Quick. If you had limited funds to spend, would you rather pay $36 each for a roll of 1986-P or 1986-D cents, or would you rather pay $37.50 for an uncirculated roll of 1951-D cents or $35 for a roll of 1952-D cents?
If you are like me, you would probably opt for the older rolls.
But is that a mistake?
Besides kicking myself for not having a closet full of 1986-P and 1986-D cent rolls to sell at such a high price, I have to wonder if we miss out on collecting opportunities right under our noses.
I look at all of the cents that I get in my change, but the last time I actually put one into an album was in the early 1970s before I started college.
I kept my interest in coins alive all of these years, but the level of attention that I give the cent has been sporadic at best.
The year 1995 was a big year because Bob Wilhite bought a bag of uncirculated 1995 cents so that the staff at Numismatic News could do a little of its own treasure hunting for the doubled-die produced that year.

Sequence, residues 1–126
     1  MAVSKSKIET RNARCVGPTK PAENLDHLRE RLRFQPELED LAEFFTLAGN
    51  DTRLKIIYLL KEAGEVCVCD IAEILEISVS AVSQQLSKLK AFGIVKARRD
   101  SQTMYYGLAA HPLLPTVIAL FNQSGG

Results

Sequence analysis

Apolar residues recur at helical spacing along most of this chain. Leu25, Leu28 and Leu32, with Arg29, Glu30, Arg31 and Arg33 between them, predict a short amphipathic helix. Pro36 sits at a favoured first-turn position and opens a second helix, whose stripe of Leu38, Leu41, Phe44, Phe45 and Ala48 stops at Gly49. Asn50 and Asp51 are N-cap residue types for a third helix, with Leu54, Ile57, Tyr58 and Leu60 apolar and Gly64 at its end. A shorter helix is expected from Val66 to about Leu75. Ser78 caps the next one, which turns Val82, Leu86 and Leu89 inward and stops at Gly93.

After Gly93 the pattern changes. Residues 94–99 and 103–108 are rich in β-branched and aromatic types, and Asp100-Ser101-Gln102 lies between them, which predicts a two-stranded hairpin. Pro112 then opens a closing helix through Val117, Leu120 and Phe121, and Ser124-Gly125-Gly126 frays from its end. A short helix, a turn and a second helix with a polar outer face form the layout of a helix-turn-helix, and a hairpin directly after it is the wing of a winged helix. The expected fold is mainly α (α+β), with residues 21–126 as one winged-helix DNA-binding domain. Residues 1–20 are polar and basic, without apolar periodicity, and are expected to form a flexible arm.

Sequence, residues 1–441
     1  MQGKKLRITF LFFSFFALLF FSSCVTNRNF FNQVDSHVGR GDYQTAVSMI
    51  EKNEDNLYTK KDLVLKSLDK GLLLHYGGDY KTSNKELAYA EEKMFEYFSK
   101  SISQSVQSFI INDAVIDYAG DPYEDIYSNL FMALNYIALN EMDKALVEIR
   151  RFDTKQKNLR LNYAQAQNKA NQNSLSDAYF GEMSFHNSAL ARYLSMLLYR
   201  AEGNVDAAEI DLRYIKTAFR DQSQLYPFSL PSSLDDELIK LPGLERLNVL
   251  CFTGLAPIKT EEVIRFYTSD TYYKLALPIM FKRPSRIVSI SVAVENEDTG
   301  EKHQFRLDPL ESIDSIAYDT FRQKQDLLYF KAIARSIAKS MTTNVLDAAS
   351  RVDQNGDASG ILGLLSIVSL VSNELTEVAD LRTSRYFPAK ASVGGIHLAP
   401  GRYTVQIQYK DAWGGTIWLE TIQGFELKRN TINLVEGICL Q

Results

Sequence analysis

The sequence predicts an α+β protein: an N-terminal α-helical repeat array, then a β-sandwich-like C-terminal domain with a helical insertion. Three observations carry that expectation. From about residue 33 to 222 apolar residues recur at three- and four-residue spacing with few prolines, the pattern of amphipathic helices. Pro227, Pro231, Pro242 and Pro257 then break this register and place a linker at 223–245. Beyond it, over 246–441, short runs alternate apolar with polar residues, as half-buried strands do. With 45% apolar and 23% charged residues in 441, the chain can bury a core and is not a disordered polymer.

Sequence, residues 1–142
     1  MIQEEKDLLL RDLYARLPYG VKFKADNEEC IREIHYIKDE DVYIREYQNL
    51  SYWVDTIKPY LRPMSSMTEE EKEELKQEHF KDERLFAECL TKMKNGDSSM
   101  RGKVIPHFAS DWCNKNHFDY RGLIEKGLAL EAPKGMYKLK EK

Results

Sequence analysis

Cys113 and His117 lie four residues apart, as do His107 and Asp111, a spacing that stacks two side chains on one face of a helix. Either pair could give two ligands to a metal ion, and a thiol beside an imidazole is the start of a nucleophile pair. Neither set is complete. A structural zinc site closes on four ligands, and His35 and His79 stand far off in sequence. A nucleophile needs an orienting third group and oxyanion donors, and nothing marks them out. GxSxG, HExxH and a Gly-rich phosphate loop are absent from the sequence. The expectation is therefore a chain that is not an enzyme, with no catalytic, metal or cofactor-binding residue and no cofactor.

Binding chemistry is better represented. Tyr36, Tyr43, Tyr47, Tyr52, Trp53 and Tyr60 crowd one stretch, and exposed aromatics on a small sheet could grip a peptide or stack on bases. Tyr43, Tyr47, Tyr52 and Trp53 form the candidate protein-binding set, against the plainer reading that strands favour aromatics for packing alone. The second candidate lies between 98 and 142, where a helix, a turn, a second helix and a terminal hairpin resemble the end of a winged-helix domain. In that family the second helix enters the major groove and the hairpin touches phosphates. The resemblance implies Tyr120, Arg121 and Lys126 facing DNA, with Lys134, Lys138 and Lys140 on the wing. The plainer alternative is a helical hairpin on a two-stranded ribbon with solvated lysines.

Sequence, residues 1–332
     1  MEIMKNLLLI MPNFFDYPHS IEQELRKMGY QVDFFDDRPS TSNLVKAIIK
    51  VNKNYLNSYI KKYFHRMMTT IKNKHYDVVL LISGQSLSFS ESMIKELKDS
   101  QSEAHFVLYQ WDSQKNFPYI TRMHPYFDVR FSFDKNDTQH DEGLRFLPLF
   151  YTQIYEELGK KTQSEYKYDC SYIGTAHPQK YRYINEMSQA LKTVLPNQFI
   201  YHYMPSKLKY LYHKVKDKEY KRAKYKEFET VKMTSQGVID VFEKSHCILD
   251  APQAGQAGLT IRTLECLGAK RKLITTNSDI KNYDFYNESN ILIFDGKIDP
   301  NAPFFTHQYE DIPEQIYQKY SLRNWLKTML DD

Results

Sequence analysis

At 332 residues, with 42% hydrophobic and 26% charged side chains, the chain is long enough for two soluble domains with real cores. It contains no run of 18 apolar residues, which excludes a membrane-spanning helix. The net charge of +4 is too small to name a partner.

One was found, but I was not the lucky finder.
But that episode pretty well sums up my relationship to cents: some external factor has to be at work.
They might be part of sets that I buy. They might be celebrating the bicentennial of Lincoln’s birth in 2009, but I do not routinely save cents for their own sake.
Perhaps collectors like me are missing a bet.
What will uncirculated roll dealers be selling 10 or 20 years from now?
Will the 2014-D be scarce? How about the 2017-P?
We cannot know in advance.
However, if I start saving a BU roll or two for all issues going forward, I might come up with the future’s equivalent of the 1986-P and 1986-D. Really, 72 times face value is quite a price for copper-plated zinc, don’t you think?
When cents are eventually abolished, the likelihood is that more people will be attracted by the idea of collecting them and values will rise accordingly.
Will I be slapping my forehead when I discover that the 2017-P is selling for 72 times face value?
Probably – but I know there will be some collectors out there who will have been prepared.
Buzz blogger Dave Harper is editor of the weekly newspaper "Numismatic News."